Tall buildings, in addition to other structures like power lines and wind turbines, are dangerous to migratory birds. Tall structures are being built at a fast rate and are often placed in the path of migration or along wetlands or coastal areas, where migrating birds congregate.
Tall building usually incorporate hundreds of windows made of glass that birds to not see or recognize as a Do Not Enter site. An estimated 100 million to 1 billion birds die of window collisions every year in America. Changes to the window can help prevent bird collisions, most of which involve reducing the reflection by adding objects or decoration. See the link below for ideas.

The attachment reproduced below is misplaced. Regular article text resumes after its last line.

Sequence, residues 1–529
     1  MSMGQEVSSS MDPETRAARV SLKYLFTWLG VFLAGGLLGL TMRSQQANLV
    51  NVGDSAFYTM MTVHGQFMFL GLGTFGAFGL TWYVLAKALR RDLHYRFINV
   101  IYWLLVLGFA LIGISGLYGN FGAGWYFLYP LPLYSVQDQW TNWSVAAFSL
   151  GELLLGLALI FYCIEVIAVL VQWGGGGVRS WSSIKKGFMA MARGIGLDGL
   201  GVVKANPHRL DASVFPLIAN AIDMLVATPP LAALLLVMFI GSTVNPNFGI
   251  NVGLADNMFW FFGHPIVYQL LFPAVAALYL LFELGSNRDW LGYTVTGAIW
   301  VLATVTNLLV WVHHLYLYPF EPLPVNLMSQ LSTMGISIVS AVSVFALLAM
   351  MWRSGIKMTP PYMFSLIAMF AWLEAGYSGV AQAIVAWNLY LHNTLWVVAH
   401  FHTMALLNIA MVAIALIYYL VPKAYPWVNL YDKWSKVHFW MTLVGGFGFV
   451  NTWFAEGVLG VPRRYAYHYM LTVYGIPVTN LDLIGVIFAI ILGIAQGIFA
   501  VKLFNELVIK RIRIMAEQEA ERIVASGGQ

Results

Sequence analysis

There are a number of efforts in place to help reduce bird mortality due to collision with tall buildings. In Chicago, several buildings, including the 311 South Wacker, the John Hancock Building, and the Sears Tower, all turn off their lights during times in the year when migratory birds come through the area. Many migratory birds travel at night when light from skyscrapers and other buildings can confuse them and interrupt their migratory patterns. In some places, building managers were scooping dead birds up by the shovelful off the roof, and an estimated tens of thousands of birds are killed from night lights each year. The program implemented in Chicago to turn off lights to help reduce bird mortality encourages turning off lights and high-rise residents to pull down shades or dim lights in the evening. There has been an estimated 80 percent drop in mortality since the beginning of the program.
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